The Orchard: Stanford White’s Final Masterpiece

The Southampton Historical Museum recently hosted a terrific lecture titled “The Orchard, Stanford White’s Final Masterpiece.” The lecture was presented by renowned author and architect Gary Lawrance.

It was thrilling to be able to experience such an important and significant piece of American architecture. Not long ago, The Orchard, which is now called Whitefield, was in great distress and in danger of being demolished. Without the help and dedication of visionary conservation groups, developers and like-minded village citizens, this magnificent home would have been lost to future generations.

The evening’s lecture gave great insight into what it was like to live in the Gilded Age. The Music Room and gardens at Southampton’s Whitefield Condominiums showed everyone what a truly successful adaptive reuse of historical structures and grounds can accomplish. The Orchard was designed and built for financier James L. Breese in 1895 by the esteemed architectural firm of McKim, Mead & White. The Orchard is generally considered to be one of the finest summer homes White ever designed. White and Breese were good friends, and White would often stay at the home and help design many improvements and additional wings.

The Garden Fountain

The Garden Fountain

Whitefield is a magnificent example of early Greek revival architecture and was one of the firm’s many signature summer estates. Other notable commissions on the East End include the homes of the Montauk Association and the Shinnecock Golf Club. In 1915, Country Life magazine recognized The Orchard “Whitefield” as one of 12 most significant country homes in America.

It is widely recognized that Whitefield was the last project White worked on prior to his murder by Harry Thaw in 1906. Thaw was a jealous husband angered over White’s affair with his wife.

I am always taken back by the elaborate gardens and the ambience they create on this magnificent 16-acre country estate. The evening was filled with images of life at The Orchard and the surrounding community, many of which Lawrance found while researching and co-authoring the bestselling book Houses of the Hamptons 1880–1930 with fellow architect Anne Surchin. Lawrance shared insights and commentary into the Southampton Summer Colony life and what it had been like to mingle with some of this nation’s most powerful and influential families.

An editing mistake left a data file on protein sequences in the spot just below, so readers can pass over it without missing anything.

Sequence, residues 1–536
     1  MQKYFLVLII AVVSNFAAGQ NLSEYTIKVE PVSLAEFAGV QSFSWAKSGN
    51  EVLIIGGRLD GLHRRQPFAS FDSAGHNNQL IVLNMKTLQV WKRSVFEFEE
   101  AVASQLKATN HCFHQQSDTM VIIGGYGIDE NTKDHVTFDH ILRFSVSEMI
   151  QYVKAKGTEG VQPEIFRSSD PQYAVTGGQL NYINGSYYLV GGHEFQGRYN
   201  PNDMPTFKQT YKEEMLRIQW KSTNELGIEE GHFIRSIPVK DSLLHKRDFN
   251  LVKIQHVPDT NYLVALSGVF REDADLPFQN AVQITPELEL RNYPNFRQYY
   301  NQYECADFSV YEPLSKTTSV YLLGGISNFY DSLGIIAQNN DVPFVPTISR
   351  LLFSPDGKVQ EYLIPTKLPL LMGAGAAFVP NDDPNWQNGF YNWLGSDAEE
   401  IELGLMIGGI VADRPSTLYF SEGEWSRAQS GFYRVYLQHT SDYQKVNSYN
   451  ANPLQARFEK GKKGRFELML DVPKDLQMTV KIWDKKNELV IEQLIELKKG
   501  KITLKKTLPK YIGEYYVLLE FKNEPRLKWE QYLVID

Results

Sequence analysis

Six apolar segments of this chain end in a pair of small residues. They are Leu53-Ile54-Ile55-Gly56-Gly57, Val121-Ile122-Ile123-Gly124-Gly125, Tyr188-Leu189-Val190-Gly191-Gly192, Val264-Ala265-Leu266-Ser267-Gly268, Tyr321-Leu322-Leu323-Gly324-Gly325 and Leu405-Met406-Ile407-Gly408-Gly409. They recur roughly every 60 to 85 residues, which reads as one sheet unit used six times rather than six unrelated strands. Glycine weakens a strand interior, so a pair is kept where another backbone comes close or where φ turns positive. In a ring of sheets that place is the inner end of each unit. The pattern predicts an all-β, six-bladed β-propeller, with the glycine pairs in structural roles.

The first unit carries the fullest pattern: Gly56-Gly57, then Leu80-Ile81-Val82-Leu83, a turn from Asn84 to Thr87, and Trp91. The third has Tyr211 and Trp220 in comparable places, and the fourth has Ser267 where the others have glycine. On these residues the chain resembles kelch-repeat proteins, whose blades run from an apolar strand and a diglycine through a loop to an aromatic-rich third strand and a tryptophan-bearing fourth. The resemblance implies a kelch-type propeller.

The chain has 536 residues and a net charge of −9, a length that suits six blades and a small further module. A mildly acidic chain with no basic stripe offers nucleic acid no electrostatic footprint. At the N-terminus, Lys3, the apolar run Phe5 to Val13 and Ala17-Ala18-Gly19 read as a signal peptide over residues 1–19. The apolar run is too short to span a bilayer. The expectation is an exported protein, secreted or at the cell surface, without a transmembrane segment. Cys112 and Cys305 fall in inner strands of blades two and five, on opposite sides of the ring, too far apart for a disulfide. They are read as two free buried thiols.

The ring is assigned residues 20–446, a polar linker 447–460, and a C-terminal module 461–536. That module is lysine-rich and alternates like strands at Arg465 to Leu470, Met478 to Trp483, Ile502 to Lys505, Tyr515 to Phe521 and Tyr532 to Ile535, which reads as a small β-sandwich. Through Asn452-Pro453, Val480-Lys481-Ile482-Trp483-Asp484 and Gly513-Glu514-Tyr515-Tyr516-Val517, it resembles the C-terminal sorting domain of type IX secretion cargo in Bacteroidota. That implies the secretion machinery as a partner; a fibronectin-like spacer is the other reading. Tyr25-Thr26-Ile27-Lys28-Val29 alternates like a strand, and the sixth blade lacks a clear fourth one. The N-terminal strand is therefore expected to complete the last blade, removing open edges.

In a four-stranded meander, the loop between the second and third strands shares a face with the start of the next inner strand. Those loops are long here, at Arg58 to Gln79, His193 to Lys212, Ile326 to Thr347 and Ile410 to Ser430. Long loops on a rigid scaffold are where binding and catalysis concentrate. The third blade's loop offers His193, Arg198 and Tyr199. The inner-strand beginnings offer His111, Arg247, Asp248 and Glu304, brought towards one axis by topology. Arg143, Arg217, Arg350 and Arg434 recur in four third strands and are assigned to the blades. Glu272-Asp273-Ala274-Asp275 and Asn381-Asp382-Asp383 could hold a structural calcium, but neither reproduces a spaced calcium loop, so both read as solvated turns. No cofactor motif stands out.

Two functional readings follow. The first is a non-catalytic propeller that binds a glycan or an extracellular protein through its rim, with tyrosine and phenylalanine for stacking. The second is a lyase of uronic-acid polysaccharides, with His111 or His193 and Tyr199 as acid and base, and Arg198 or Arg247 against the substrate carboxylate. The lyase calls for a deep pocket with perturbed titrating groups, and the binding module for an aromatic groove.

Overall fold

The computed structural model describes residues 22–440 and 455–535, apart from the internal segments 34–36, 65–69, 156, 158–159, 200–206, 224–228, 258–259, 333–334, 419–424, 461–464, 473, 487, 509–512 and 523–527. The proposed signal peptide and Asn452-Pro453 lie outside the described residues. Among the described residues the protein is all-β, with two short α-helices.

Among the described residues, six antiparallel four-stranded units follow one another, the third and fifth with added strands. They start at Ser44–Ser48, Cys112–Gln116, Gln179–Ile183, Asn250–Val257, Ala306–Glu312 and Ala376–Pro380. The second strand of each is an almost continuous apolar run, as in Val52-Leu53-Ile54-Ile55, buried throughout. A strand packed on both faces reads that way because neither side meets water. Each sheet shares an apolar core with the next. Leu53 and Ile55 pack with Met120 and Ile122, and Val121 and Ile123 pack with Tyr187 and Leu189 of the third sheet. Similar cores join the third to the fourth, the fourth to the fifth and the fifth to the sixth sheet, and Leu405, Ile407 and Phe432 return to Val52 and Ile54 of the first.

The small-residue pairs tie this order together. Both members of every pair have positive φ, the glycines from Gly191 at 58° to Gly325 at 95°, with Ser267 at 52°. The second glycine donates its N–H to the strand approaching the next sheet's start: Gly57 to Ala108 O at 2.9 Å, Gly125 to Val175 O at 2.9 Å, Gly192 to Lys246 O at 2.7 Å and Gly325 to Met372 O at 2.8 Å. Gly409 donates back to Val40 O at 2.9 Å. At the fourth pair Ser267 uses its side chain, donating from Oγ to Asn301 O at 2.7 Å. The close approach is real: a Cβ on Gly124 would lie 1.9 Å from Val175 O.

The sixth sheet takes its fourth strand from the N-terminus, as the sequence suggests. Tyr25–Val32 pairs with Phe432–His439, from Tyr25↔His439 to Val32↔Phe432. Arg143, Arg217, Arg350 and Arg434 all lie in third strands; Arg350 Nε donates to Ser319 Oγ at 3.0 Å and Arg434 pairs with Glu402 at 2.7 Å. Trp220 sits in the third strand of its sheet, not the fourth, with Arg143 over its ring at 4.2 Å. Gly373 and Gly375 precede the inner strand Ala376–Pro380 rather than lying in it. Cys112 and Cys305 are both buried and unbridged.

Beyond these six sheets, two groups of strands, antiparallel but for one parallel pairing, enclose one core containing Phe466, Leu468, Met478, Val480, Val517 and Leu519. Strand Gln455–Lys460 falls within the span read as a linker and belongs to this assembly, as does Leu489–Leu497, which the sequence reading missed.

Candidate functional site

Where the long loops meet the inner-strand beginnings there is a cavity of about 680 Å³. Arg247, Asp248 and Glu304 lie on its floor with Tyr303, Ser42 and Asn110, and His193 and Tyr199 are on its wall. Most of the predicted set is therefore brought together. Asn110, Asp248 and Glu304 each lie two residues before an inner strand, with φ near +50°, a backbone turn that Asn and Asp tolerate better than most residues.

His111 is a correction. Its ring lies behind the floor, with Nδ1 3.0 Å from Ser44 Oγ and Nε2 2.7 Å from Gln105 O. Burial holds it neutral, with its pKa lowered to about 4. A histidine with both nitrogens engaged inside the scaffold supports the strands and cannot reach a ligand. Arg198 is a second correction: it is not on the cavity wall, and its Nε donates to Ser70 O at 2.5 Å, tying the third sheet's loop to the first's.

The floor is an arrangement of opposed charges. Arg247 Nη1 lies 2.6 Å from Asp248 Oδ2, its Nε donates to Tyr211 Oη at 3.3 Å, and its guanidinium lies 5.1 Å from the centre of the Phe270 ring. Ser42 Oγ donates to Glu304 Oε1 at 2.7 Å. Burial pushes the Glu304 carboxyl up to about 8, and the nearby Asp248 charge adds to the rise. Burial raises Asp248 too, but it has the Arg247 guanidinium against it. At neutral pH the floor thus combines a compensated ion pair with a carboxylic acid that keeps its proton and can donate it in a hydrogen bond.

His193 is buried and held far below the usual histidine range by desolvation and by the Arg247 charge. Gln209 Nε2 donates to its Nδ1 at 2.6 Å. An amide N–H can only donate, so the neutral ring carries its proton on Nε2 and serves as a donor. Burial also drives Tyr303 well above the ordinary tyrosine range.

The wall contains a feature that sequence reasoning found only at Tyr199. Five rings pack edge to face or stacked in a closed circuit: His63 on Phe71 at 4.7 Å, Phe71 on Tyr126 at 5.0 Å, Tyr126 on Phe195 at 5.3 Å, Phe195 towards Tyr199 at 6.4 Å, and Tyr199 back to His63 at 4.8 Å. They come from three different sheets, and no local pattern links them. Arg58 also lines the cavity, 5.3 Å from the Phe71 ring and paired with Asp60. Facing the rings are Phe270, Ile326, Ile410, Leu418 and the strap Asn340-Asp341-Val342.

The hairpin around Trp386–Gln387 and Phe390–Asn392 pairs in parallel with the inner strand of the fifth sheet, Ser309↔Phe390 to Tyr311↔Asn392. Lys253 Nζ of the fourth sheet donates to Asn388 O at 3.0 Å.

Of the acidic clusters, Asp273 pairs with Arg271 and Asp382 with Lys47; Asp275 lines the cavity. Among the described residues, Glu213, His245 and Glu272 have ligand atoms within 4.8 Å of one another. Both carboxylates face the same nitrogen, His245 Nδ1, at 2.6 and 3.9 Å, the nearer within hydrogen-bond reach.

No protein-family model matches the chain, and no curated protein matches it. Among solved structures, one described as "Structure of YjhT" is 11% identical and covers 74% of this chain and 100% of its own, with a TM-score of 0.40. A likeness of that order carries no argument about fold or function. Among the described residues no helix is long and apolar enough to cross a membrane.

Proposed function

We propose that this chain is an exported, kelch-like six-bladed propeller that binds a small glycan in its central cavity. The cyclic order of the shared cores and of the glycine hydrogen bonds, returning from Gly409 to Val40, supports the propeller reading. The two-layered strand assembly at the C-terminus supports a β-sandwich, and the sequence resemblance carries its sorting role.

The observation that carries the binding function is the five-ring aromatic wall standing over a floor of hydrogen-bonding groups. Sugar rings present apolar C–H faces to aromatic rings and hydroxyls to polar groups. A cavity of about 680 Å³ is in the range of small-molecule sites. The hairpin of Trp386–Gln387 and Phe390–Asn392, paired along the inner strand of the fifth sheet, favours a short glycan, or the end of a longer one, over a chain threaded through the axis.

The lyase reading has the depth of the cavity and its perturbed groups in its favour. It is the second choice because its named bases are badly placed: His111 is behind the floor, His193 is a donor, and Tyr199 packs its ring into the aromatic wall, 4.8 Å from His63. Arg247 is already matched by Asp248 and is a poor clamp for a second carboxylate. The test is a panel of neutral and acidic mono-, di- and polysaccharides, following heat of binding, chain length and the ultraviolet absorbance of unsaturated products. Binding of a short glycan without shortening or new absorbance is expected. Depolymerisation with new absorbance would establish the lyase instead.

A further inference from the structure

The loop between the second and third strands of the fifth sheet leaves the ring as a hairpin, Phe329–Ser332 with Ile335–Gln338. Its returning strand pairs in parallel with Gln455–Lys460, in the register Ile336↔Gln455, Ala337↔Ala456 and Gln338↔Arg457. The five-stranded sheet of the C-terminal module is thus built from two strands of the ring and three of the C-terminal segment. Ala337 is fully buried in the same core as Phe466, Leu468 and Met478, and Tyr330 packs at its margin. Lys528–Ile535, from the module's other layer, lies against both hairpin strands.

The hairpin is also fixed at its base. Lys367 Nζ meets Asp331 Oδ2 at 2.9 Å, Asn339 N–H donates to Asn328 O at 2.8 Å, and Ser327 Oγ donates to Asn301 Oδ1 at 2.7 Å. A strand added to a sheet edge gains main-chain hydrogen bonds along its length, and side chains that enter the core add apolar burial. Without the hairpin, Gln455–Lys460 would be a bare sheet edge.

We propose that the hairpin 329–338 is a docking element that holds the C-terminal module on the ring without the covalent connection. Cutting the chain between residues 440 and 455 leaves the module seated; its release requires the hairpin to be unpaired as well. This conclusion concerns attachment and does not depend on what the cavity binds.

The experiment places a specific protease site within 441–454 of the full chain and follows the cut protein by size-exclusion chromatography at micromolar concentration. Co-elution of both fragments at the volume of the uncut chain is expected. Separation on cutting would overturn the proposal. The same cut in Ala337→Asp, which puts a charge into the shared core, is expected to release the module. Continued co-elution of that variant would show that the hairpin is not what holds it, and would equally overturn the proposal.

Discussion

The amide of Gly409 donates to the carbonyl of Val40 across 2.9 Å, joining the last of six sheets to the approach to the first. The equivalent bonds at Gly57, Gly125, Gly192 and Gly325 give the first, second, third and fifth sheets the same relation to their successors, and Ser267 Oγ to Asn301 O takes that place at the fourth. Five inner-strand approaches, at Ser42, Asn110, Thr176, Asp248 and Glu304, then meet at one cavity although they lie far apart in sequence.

During the lecture, my eyes drifted around the room up to the coffered ceiling, which was hand-painted by the architect. As the sun poured light and color through the large leaded glass windows that surround the music room, I wondered what the wall of pipe organs must have sounded like during the great dances of the Gilded Age. Sitting beside the massive antique carved limestone mantle inside this exquisite oak-paneled room that has survived virtually unchanged for over 100 years gave me a small glimpse into life at the time.

McKim, Mead & White had designed over 300 private residences and were part of an ever-evolving laboratory of ideas and design that poured out of the architect’s hand. It is fascinated to know that many of White’s original designs, drawings and sketches are archived just to the west at Columbia University.

White was a Renaissance man and a repository of ideas, many of which were made from sketching trips to Europe. His vast association and collaboration with some of the greatest architects, artisans and craftsman of his time allowed him to forge a solely unique American architecture that still inspires us to this day.

For a more comprehensive understanding of The Orchard, read Houses of the Hamptons 1880–1930 by Gary Lawrance and Anne Surchin. John Laffey is an architect in Water Mill. For more information, visit johnlaffeyarchitects.com.

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